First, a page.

Posted by Aphra Magazine on 29/8/15.
Indie folk has just taken a refreshing turn through Tim Wheatley’s melodious self-titled album Cast of Yesterday. He pours his heart and soul into it, nurturing it with his smooth vocals as he takes a trip down memory lane and reminisces over his fifteen year journey as a developing music artist, memories of his friends and other life encounters – all things that have shaped the person he is today.
The album begins with ‘The Heathen’, which consists of flowing and mellow acoustics that are juxtaposed with harmonicas to give off that country twang, a combination that certainly makes this song endearing to its listeners. ‘I found him too long off the sunset, long before the dawn. Too long after sunset, long before the dawn,’ Tim croons in the chorus. ‘78 Benz’ comes next, opening with Tim gently strumming his guitar as he sings about discovering his purpose in the world through his music: ‘You stopped to smell the roses, and your 20s got away’.
‘Valerie’ is one of the most significant songs on the album that Tim released earlier this month as a single. It is a beauty of a track, lulling us into a trance-like state with its gentle acoustics and Tim’s soft vocals. His voice trembles with sadness as he sings about the ambivalent emotions that torment a mother who has sent her son away. ‘I bet you don’t breathe easy and now that’s he’s gone, because you sure don’t sleep easy knowing he’s wrong,’ Tim sings, as we bear the weight of those conflicting emotions. This story was inspired from a book Tim had read called ‘Delinquent Angel’, which orientates around Shelton Lee’s sad story, and the video clip features Tim’s good friend Jessica McNamee (Packed to the Rafters), who embodies the role of a conflicted mother.
‘Cast of Yesterday’ is another standout track, and represents the unleashing of his past experiences and how they have shaped his present. The track features sugary sweet acoustics and Tim’s smooth vocals. The central lyric, ‘I’m just happy with the sun on my shoulders’, is inspired by a man he met during his travels, named Livingston. Tim then sings, ‘I think back to the cast of yesterday, the real stars don’t hit, they ricochet’, and this emphasises the idea that great influences don’t necessarily stick around for long – they may just linger briefly and that can be enough for them to become a significant source of inspiration.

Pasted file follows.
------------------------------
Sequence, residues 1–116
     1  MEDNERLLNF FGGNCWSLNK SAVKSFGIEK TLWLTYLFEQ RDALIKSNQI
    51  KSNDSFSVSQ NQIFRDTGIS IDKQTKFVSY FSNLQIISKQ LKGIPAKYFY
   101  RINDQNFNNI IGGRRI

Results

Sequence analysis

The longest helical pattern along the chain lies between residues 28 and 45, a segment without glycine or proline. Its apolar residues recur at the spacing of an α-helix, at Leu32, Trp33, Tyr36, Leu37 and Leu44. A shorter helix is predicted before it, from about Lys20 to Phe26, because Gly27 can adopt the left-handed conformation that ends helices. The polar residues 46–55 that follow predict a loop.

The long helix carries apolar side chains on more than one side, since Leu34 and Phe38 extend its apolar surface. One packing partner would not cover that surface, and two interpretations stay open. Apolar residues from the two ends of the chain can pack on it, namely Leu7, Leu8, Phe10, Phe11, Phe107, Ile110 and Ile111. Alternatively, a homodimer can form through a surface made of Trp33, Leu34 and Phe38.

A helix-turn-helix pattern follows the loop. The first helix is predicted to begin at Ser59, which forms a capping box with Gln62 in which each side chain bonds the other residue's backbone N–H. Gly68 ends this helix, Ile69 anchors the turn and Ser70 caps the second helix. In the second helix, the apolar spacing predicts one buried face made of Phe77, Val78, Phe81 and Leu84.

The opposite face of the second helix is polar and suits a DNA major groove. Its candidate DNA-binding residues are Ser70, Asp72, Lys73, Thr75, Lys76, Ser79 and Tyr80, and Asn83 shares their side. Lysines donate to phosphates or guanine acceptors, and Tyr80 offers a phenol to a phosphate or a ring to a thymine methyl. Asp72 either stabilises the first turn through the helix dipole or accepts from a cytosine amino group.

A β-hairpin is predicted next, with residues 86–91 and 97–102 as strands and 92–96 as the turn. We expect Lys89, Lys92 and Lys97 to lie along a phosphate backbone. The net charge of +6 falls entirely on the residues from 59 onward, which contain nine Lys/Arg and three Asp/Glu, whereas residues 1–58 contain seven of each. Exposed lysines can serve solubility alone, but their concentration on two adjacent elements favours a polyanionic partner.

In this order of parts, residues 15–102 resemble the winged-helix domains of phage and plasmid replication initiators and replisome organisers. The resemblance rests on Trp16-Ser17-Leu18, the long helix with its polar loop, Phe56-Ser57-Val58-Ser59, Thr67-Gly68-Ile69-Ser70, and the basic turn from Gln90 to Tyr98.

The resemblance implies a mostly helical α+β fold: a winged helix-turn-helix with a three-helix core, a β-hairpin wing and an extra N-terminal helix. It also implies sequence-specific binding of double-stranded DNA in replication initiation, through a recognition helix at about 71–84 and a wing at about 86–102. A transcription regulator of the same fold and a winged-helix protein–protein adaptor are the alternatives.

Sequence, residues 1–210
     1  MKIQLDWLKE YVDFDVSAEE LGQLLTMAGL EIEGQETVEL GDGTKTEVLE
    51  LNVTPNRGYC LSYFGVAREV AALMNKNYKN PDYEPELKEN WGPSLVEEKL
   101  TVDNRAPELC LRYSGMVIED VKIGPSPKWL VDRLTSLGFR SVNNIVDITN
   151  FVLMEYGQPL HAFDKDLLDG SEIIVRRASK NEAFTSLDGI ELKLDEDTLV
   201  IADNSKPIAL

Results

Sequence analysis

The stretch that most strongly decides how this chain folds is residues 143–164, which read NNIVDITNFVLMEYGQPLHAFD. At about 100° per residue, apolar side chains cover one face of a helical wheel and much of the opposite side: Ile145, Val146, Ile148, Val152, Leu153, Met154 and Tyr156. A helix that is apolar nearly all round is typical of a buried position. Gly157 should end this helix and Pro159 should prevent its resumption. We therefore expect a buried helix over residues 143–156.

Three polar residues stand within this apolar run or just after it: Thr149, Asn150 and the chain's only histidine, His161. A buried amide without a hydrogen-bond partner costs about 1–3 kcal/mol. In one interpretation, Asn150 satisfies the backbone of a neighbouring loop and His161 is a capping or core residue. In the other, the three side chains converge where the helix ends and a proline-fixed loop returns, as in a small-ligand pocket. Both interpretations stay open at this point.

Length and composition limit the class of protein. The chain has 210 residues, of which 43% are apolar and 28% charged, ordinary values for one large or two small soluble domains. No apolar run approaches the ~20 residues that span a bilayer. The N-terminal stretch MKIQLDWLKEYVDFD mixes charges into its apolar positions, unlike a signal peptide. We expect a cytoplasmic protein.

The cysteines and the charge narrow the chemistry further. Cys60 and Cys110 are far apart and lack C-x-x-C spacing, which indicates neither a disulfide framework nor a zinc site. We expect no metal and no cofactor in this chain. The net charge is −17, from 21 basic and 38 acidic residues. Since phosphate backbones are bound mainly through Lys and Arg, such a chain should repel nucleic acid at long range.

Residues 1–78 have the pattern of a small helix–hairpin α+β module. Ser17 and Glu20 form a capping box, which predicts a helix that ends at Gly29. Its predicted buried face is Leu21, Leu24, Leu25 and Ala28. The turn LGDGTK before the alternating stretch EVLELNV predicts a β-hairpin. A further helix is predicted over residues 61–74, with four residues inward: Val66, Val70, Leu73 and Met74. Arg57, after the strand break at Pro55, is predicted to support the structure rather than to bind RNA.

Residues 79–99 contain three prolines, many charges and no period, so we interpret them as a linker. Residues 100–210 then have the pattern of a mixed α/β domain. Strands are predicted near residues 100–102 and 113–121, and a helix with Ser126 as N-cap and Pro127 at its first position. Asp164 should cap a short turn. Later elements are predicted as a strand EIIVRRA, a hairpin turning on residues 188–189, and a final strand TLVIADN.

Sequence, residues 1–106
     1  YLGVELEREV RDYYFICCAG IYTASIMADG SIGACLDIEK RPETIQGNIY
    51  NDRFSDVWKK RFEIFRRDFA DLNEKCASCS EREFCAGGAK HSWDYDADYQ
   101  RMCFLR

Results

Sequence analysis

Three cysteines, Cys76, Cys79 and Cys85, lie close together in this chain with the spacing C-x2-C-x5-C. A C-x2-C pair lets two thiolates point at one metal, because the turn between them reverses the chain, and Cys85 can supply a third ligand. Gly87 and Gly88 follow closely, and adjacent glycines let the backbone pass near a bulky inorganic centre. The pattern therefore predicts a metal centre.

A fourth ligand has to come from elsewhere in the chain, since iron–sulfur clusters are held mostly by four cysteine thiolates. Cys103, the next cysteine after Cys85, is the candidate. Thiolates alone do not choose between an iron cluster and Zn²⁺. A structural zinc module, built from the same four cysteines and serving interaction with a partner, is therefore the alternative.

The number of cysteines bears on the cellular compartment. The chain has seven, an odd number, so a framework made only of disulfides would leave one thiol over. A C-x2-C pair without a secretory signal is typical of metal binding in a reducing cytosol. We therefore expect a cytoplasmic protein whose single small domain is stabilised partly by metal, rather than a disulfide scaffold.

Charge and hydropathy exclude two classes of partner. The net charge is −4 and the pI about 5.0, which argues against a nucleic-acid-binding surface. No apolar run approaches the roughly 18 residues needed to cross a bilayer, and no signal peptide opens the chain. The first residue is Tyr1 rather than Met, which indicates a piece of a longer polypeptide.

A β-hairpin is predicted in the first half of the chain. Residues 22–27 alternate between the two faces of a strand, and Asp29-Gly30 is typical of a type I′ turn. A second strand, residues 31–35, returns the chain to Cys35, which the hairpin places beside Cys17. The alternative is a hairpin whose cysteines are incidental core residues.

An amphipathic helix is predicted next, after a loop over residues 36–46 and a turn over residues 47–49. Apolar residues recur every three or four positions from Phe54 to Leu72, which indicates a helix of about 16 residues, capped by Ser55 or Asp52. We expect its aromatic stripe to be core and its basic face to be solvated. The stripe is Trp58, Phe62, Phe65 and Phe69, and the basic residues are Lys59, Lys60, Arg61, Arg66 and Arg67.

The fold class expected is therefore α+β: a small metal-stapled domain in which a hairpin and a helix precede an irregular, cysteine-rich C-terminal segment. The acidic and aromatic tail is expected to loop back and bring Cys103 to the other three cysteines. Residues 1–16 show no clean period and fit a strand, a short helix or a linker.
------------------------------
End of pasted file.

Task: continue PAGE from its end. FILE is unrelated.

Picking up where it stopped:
‘The Other Woman’ reverberates with that harmonica-driven country twang that makes Tim’s music so distinctive, and combines different sound elements in a unique composition. ‘She never meant to be the other woman, it’s not like she set out to be the other woman,’ Tim sings in the chorus. ‘Burning The Midnight Oil’ showcases a more upbeat chorus that is followed by a fun country beat, as Tim playfully sings, ‘Go on go chase the things you lust, there’s a bit of whore in all of us, I won’t tell if you won’t tell, I won’t tell if you won’t tell’.
‘The Messenger’ features more of those gentle and rhythmic acoustics, and Tim soulfully begins the song with, ‘She was hotter than the Georgia asphalt, now her heart’s gone cold for me. I used to take the short cut home, now I play till the last man leaves’. That rhythm then soars as the harmonicas come out to play, once again emphasising that country feel that is the cherry on top with all of his compositions.
Last but not least, Tim finishes his album with ‘The Way Of The Gun’, and it is soft and almost delicate in nature, and his beautiful lyricism is made even more evident here as he reflects upon his once conflicted perspective on romance: ‘I was aboard the death of romance, three sails to the wind, I passed up my chance, ask anyone, just ask anyone.’ This is a wonderful and heartfelt album that gazes into Tim’s past and how it has influenced the person he is today. You can bask in the album’s warmth by giving it a listen. You won’t be disappointed.
Tim Wheatley – Cast of Yesterday is out now.